Speeches

Chief Justice Maureen O'Connor
Notre Dame College Moot Court
Sept. 19, 2017

Thank you, President (Thomas) Kruczek. 

And thanks to everyone for your invitation.  

I want to let everyone know how impressed I am by Notre Dame College’s approach to legal education.

You are one of the few undergraduate programs in the nation that conduct moot court, and you’re doing it very well.

To me, a legal education is an indispensable tool – no matter what career you choose. The law touches every one of us -- every day -- in many, many ways.

If society were a computer, the law would be the operating system.

Of course, I would like to look into this crowd and see future lawyers, judges and justices – maybe a chief justice …

But you are young. You may or may not decide to become a lawyer. You may change your mind about what you want to do with your working life.

So, here are two things to think about.

The tree of law has many, many branches.

Companies, non-profits -- all kinds of organizations -- simply cannot function without their legal departments.

And these organizations span the realm of activities: the entertainment business; the arts; regulated areas like transportation and sports; the environment; fashion; manufacturing; the list goes on and on.

Here’s the other idea to ponder:  The law can help you greatly if you pursue a non-legal career.

When you’re thinking hard about what you would like to do, don’t lose sight of the importance of the law in our society – and where the knowledge of law could give you a leg up on other job seekers – and make your job easier and more fulfilling once you’re hired.

Politicians who serve as legislators are known as “lawmakers,” so finding lawyers at a statehouse isn’t unusual.

But what if you want to be a writer?

You could cover the law as a journalist.

The Associated Press has three legal writers with law degrees covering courts and legal issues.

Law degrees are quite common in journalism.

Cynthia McFadden, the senior legal correspondent at ABC News, is a graduate of Columbia Law School.

You could write fiction based on the law, like John Grisham, author of The Firm, and Scott Turow, author of Presumed Innocent. Grisham went to Mississippi and Turow to Harvard.

There are many law grads working in TV and film as scriptwriters.

Elizabeth Holloway Marston, co-creator of the Wonder Woman character in the 1940s, received her law degree from Boston University.

Steve Young, who quarterbacked the San Francisco 49ers to a Super Bowl victory in 1995 received his law degree the same year from Brigham Young.

Andrea Bocelli is known for overcoming blindness to become one of the opera world’s greatest tenors. He holds a law degree from the University of Pisa.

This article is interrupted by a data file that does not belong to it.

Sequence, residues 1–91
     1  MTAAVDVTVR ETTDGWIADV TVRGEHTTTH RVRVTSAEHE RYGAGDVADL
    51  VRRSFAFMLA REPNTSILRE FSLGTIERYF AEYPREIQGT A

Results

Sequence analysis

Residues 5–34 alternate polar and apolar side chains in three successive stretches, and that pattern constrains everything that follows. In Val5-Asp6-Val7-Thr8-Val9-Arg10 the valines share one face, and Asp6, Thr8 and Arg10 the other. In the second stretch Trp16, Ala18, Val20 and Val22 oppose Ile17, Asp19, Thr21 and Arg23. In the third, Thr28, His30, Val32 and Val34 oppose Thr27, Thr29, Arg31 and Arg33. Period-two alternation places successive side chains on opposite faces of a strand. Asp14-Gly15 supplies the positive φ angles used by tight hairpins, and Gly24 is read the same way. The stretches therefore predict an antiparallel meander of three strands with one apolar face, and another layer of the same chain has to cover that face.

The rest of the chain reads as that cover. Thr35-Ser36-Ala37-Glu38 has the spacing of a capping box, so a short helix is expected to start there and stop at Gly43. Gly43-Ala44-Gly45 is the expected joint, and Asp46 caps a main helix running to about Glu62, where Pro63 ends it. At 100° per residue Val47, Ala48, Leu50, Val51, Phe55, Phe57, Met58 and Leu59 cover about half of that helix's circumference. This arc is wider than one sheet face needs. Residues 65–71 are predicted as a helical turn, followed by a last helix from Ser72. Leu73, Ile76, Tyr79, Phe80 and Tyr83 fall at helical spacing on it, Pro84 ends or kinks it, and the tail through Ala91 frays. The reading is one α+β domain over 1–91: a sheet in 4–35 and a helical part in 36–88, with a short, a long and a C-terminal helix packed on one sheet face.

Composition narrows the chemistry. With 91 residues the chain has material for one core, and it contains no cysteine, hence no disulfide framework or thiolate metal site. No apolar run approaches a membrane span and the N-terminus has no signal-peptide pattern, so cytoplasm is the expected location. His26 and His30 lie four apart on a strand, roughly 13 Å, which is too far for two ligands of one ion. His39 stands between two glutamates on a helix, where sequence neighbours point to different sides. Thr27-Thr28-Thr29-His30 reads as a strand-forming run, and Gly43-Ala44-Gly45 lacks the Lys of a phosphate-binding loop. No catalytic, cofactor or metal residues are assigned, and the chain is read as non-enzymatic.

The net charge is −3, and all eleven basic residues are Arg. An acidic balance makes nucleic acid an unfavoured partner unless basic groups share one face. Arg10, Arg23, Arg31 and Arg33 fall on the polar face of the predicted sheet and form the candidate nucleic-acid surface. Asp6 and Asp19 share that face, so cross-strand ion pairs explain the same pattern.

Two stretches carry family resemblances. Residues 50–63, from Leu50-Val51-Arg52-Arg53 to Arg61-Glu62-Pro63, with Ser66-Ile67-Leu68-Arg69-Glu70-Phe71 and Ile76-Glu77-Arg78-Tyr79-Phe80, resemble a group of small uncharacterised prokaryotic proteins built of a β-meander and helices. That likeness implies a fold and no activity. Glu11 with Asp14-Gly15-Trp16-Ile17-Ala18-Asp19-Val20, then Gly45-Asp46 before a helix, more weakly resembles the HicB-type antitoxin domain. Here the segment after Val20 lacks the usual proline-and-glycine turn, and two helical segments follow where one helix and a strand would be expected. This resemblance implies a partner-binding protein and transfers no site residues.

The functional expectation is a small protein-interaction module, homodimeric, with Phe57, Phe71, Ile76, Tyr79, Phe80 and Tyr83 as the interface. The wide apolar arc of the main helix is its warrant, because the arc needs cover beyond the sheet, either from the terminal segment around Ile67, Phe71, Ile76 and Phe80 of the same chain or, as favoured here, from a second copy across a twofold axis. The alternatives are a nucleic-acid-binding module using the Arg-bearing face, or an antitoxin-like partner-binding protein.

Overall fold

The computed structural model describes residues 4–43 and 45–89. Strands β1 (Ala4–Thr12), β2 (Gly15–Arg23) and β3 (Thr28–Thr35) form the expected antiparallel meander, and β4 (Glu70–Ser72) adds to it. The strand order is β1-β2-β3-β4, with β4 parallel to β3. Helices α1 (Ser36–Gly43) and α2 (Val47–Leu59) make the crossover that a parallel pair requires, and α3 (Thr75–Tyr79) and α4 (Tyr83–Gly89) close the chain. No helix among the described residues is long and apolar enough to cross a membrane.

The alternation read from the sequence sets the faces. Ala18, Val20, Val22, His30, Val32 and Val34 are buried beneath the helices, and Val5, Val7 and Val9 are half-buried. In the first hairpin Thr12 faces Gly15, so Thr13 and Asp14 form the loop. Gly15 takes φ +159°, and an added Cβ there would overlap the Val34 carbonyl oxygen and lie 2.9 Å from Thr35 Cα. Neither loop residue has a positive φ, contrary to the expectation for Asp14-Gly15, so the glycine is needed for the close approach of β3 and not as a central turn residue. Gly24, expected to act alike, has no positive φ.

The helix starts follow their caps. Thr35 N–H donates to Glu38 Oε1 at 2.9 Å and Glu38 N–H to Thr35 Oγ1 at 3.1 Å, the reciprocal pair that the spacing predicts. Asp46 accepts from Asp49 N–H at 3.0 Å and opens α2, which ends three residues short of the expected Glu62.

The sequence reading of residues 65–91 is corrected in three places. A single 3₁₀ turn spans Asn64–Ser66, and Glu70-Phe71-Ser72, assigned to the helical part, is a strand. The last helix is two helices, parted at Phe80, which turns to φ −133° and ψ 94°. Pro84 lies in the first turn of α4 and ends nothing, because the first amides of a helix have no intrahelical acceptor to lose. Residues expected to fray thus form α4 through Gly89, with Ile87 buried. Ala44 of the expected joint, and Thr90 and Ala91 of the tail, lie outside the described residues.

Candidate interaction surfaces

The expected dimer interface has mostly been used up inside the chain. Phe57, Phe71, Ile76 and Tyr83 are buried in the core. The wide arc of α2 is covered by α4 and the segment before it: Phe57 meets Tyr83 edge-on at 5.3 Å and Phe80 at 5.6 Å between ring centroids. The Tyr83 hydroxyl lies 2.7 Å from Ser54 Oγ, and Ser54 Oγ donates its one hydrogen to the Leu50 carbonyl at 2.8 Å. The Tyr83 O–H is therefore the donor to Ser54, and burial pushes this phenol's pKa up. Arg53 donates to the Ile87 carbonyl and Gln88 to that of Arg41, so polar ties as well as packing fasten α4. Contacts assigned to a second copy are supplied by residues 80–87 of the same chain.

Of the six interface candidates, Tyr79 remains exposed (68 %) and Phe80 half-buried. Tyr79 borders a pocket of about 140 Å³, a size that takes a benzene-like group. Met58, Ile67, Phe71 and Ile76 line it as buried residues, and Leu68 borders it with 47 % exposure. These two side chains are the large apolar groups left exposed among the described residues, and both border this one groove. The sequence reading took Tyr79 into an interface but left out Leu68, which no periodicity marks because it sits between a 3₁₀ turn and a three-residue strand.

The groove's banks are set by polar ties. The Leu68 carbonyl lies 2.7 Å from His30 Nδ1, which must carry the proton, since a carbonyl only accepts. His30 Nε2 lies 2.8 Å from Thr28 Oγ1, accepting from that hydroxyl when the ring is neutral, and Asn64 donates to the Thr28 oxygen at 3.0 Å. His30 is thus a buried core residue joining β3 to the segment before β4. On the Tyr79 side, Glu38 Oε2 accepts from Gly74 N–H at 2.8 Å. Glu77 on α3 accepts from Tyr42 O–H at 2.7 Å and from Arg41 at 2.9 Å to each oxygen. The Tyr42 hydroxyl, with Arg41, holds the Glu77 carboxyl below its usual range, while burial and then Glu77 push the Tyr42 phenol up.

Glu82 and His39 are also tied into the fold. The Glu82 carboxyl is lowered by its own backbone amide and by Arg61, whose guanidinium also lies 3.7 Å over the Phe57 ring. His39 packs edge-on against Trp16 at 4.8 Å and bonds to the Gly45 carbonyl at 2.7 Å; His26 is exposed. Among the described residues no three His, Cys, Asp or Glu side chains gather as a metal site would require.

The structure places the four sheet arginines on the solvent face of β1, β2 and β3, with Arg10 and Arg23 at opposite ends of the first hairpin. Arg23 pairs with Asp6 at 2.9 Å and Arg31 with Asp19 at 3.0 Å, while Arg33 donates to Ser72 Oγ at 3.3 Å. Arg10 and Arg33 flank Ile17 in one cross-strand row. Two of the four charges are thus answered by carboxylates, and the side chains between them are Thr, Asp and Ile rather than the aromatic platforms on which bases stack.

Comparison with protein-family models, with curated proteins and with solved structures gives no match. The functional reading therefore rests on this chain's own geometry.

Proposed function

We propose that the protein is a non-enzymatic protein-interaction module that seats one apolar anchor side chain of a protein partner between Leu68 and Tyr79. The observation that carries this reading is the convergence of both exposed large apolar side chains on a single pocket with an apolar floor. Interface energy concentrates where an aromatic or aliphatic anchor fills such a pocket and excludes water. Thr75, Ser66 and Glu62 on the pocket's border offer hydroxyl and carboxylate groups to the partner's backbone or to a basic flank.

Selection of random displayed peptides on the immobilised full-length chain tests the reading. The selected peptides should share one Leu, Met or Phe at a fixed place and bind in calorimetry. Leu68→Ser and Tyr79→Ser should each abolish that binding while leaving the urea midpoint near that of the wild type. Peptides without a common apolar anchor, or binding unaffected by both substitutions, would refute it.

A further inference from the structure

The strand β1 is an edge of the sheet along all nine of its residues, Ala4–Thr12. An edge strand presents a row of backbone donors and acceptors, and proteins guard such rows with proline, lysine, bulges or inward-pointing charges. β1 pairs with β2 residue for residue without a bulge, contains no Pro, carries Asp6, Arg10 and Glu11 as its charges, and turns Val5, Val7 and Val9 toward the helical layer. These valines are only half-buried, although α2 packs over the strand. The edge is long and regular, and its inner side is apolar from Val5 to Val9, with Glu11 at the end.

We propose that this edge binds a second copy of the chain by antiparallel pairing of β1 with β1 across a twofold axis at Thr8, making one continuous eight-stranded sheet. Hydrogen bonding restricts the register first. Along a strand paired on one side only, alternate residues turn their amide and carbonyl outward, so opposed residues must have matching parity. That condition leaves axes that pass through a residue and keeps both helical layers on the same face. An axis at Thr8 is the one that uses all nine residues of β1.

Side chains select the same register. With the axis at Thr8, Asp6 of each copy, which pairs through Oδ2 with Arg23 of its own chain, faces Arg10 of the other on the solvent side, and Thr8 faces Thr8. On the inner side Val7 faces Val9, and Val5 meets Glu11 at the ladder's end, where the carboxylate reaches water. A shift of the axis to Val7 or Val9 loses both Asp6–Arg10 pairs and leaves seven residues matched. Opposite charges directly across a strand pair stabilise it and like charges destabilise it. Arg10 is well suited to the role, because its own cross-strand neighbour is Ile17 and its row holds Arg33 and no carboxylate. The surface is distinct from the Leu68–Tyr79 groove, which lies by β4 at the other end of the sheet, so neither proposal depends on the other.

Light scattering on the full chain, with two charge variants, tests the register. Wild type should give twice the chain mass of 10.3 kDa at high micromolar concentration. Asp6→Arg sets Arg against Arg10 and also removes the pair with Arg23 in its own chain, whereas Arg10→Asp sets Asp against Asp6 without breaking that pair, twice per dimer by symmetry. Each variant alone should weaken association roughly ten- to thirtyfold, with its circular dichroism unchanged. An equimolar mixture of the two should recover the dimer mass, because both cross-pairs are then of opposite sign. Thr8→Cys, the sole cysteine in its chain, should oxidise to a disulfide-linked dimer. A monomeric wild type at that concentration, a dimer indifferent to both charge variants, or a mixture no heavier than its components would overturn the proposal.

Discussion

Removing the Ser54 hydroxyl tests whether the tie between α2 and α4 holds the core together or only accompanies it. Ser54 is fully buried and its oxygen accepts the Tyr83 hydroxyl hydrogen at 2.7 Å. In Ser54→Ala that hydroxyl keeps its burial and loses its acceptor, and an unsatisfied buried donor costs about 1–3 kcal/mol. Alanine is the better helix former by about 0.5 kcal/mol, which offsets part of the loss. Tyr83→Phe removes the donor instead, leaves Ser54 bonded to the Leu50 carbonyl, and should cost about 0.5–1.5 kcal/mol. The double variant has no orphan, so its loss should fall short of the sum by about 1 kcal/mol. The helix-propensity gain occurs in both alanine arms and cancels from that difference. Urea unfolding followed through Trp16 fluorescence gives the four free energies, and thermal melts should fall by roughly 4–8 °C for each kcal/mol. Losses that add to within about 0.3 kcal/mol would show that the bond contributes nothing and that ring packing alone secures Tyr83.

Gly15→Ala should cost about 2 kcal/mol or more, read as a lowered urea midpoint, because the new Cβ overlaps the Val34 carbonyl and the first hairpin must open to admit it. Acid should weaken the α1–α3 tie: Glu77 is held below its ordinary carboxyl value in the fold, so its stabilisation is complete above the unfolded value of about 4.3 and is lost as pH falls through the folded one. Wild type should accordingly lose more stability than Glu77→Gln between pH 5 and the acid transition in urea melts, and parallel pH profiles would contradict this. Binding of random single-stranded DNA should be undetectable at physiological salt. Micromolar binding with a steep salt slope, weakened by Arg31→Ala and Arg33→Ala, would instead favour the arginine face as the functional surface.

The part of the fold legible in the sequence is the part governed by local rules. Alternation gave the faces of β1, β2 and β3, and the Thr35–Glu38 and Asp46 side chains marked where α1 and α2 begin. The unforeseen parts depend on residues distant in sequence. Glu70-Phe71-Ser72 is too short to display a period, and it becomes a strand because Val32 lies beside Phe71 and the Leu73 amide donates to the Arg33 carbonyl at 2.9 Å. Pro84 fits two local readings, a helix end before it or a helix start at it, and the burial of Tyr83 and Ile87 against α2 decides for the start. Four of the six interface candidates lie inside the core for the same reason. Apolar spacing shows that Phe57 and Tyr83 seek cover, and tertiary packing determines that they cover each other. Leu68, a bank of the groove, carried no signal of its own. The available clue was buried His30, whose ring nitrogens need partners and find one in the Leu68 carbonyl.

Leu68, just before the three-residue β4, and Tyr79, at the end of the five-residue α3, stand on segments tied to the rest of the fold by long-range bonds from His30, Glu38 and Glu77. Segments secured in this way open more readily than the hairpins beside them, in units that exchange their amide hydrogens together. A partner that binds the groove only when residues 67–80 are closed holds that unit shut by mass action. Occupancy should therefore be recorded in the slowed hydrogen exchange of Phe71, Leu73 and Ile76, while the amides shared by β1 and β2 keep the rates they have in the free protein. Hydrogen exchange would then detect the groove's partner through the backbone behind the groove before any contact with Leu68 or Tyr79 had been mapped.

What if you’re funny? Comedian John Cleese of Monty Python fame received his law degree from Cambridge.

Before writing the Star Spangled Banner in Baltimore Harbor, Francis Scott Key earned a law degree close by at St. John’s College. Before fighting for independence in India, Mohandas Gahndi earned a law degree in London. And before working to liberate South Africa, Nelson Mandela studied law at Fort Hare College. (Politics intervened and he didn’t finish, but the college’s law school is now named for him.)

Knowing the law – and appreciating the rule of law – can have that effect on people. It gives them an inside track on their dreams.

Here’s a fact: Of the 500 biggest corporations listed by Fortune magazine, nearly 10 percent are run by CEOs who have law degrees.

Now, you may or may not aspire to be a CEO, but you can bet that companies that hold law degrees in high regard are going to look more closely at job prospects who hold law degrees – even applicants seeking jobs in finance, marketing, sales, distribution, manufacturing, public relations and research.

The path to law school and a career that puts the knowledge of law to work starts with dedication at the undergraduate level. That means working hard, and I saw that this evening at moot court.

Another boost to your career is a dedicated faculty and college leadership -- like the caliber you have here at Notre Dame.

So, make good use of your time here. Set manageable goals for yourself – but make sure you meet them. Seek answers. Challenge your professors. Learn all you can.

Knowledge truly is power – and knowledge of the law can be a powerful tool for you – no matter what you do.

Thank you – and God Bless.